Taiwan needs to devote sufficient resources to its defense, especially in cost-effective systems that leverage its strengths and can help deter China, a US official said at the US-Taiwan Defense Industry Conference in Ellicott City, Maryland, on Monday.
David Helvey, principal deputy assistant secretary of defense for Indo-Pacific Security Affairs, said in a speech that the goal is to create a “distributed, maneuverable and decentralized force,” which he described as “large numbers of small things.”
This force should be able to “operate in a degraded, electromagnetic environment and under a barrage of missile and air attacks,” Helvey said.
The systems best suited to Taiwan’s geography would be highly mobile coastal defense cruise missiles, short-range air defense, naval mines, small fast-attack craft, mobile artillery and advanced surveillance assets, he said.
Investing in these systems would be better, because they are more “cost-effective and survivable” compared with more conventional platforms, such as fighter aircraft or large naval vessels, he added.
“Taiwan cannot match the People’s Republic of China’s defense spending, but it does not have to,” Helvey said.
The US is working with Taiwan in pursuing these goals and preparing “additional requests for other capabilities” that might be more suited to deterring China, he said.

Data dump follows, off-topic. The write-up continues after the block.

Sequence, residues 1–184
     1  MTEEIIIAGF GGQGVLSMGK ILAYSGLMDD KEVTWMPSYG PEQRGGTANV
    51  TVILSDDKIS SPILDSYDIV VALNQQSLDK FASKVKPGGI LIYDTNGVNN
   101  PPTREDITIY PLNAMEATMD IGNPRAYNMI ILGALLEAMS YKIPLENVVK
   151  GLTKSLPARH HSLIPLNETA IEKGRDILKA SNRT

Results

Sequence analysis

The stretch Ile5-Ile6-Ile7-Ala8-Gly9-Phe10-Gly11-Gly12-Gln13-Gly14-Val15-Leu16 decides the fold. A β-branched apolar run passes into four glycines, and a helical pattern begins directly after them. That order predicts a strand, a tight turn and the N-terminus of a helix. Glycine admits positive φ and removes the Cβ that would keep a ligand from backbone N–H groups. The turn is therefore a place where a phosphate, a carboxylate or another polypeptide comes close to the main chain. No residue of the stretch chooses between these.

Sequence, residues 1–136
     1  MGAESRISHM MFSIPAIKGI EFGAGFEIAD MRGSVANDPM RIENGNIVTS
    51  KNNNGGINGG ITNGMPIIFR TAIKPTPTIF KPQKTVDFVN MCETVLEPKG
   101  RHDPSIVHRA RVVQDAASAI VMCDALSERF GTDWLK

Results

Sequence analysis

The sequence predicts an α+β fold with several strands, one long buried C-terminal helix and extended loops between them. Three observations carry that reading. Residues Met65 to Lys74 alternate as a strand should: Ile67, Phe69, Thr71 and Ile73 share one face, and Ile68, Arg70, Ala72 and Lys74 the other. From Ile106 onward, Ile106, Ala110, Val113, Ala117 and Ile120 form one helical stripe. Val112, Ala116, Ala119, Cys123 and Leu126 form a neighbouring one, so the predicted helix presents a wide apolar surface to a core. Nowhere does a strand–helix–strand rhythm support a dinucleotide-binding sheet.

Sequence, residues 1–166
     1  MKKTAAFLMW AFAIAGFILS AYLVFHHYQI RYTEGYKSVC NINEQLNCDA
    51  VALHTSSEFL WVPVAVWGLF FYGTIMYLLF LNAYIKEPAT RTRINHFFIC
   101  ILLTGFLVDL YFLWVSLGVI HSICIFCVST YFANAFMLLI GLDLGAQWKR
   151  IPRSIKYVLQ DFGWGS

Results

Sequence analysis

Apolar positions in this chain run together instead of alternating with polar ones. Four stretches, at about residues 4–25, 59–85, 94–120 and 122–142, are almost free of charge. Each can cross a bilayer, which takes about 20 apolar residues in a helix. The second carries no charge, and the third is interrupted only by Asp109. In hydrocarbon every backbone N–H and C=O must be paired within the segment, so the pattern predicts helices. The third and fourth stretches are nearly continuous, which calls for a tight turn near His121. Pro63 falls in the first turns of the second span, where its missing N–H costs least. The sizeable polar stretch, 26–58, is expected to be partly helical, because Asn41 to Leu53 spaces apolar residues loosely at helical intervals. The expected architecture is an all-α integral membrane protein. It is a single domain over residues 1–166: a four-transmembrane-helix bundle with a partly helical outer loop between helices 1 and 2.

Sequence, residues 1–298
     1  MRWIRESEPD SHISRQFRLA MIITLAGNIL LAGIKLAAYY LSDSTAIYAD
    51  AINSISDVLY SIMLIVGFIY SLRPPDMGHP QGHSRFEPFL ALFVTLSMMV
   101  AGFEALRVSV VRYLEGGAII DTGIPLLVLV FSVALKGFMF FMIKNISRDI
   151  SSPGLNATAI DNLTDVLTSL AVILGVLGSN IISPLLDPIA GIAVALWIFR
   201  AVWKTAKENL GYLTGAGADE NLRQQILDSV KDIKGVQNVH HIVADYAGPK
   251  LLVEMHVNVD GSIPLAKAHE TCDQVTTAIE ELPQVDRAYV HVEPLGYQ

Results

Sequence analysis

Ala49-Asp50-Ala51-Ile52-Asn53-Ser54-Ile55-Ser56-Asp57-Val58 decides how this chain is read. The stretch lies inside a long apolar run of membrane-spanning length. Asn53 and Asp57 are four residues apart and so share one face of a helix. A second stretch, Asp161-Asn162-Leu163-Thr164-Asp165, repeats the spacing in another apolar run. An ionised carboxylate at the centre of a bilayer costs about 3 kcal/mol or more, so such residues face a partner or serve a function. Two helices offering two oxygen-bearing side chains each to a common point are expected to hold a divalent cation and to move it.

Among the weapons Taiwan has asked for are M109A6 Paladin self-propelled howitzers, a request that the Ministry of National Defense confirmed last month.
Helvey said that he would not comment on specific requests made by Taiwan, but added that Washington is collaborating with Taiwan on further defense engagements.
The US would continue to help Taiwan implement the Overall Defense Concept, as “much remains to be done” to ensure that Taiwan can field a credible force “proficient in asymmetric warfare, force preservation and littoral battle,” he said.
Harvey condemned Beijing’s attempts to “intimidate, isolate and coerce” Taiwan by bullying it diplomatically, applying economic pressure, holding increasingly provocative military exercises and meddling in its elections.
“As the Taiwan people prepare to head to the polls again in this coming January’s elections, it is crucial that Taiwan’s elections remain free and fair, without foreign interference,” he said.
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